AT GINNY'S house, Mum helped her change into her nightie and we made her as comfortable as we could on the cream-and-rose patterned couch in her lounge.
These were the days of terrible milestones we didn’t see; it was the last time Ginny would choose her clothes. We started to rally the family. Dad got a call and would drive up the next day. Hannah phoned and said she was on a flight the following morning.
And in the early evening I placed the final two calls to my sisters in London. Amber and Claire, just starting their Monday mornings, were appalled. What they really wanted to know couldn’t be answered.
What can we do? What are the treatment options? How long does she have? Should we come home now or wait until our flights at Christmas?
In the end I could only tell them what I thought, "You need to come home now, right now. You can't take the risk."
After the calls: exhaustion. Mum and Ginny quiet, watching TV. There was nothing more to do, nothing else to say, so I headed back to my apartment.
In the dark I stood on my balcony and smoked a joint and looked down on the shadows of Auckland's old train station, on the all-night-lights of the port in the distance, and listened to a city settle in its bones.
The news started to spread. My friend, John, blundered into the epicentre. He called. “Hey chump,” he said.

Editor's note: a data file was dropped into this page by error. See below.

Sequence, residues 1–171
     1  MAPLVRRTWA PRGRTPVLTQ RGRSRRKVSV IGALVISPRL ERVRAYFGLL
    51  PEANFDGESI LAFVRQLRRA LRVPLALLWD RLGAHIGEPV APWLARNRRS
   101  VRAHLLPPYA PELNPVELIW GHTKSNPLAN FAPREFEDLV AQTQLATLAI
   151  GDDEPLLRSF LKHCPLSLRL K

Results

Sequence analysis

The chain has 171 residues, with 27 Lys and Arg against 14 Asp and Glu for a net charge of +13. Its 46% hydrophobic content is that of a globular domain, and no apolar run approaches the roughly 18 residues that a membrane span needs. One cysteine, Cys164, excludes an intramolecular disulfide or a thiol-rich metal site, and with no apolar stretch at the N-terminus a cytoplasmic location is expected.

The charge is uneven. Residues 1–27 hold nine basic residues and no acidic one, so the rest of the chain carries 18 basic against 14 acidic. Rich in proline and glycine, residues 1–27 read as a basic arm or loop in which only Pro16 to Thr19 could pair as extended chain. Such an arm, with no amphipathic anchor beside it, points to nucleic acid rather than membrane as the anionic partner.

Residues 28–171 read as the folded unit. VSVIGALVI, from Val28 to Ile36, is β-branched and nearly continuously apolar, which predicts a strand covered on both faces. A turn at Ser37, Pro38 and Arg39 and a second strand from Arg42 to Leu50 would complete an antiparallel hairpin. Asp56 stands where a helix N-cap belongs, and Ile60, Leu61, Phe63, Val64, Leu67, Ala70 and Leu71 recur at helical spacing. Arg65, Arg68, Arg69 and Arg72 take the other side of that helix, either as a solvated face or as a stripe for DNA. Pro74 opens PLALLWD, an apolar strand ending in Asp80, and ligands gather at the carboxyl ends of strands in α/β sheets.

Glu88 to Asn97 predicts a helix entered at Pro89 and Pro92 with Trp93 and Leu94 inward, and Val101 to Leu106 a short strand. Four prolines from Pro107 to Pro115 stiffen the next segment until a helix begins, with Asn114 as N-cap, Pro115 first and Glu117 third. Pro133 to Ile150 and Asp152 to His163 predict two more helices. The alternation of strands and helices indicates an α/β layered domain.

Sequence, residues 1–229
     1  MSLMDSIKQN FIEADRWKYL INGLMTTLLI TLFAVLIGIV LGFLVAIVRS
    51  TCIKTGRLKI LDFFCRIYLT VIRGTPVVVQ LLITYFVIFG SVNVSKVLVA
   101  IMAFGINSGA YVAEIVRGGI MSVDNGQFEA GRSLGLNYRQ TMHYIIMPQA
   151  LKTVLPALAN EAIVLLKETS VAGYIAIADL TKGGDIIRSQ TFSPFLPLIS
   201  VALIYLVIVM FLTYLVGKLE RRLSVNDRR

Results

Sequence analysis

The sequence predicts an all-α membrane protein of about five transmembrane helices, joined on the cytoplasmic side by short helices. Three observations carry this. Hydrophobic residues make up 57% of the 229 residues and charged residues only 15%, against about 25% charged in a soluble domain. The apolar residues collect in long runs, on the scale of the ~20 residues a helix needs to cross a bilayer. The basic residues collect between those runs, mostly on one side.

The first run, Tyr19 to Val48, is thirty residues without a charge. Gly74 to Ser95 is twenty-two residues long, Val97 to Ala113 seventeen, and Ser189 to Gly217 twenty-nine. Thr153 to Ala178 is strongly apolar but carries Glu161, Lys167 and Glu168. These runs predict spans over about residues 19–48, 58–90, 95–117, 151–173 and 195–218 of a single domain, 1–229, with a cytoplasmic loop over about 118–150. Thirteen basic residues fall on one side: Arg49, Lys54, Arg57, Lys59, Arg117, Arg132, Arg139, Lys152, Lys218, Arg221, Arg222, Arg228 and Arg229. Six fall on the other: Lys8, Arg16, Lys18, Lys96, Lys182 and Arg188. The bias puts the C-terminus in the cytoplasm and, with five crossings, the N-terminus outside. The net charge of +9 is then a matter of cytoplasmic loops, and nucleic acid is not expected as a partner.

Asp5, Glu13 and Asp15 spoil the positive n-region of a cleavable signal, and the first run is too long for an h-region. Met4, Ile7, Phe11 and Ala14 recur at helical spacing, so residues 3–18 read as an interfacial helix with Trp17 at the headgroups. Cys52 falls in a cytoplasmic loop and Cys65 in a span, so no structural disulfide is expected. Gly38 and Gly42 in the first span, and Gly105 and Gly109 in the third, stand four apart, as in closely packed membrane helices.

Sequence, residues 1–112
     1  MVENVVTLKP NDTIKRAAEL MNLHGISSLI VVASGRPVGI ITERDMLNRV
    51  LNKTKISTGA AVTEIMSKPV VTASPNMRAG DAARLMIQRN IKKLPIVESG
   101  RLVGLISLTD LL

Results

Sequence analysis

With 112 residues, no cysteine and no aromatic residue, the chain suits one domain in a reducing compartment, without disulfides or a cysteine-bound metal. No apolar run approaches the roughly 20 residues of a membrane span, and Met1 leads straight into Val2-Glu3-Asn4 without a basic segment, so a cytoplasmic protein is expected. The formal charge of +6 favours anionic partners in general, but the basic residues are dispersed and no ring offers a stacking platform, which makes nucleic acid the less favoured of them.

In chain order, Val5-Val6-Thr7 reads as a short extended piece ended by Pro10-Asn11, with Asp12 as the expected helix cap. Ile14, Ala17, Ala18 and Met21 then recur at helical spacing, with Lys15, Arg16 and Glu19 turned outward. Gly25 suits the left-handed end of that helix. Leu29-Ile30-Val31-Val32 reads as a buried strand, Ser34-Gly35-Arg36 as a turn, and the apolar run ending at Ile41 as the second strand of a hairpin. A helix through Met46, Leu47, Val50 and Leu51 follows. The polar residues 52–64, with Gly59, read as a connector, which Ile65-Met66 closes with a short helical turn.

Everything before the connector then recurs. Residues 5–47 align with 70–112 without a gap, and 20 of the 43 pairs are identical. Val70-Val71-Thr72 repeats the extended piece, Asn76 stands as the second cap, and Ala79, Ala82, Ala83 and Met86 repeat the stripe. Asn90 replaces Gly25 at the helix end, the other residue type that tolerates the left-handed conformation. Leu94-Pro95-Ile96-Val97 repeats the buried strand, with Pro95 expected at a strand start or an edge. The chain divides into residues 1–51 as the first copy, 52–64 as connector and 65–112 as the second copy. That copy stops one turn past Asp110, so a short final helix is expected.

“We’re heading out for a beer tonight, wanna come?”
“I, I don’t think I can . . .” there was a crack in my voice, raw emotion. I wanted to, needed to share. My friends would know what to do. My friends would make me feel better. John would make me feel better. I tried, “My sister, she’s sick. We just found out - "
But there was panic in John’s voice. He did not know how to deal. On a Monday night, this was not what he’d expected. This was beyond all our established parameters.
This broke all our rules.
He could see where this was going, I was one step away from crying, weeping down the phone to him. Desperately he cut me off. “Buddy, I’ve got another call.”
I was a pariah, outcast, unclean.
I was fucking Milli Vanilli.
Still, I tried, “It’s really bad, I don’t think she’s - "
“I’ve gotta take this, I’ve gotta go.”
John had gone.
He did not know how to deal.
Neither did I.
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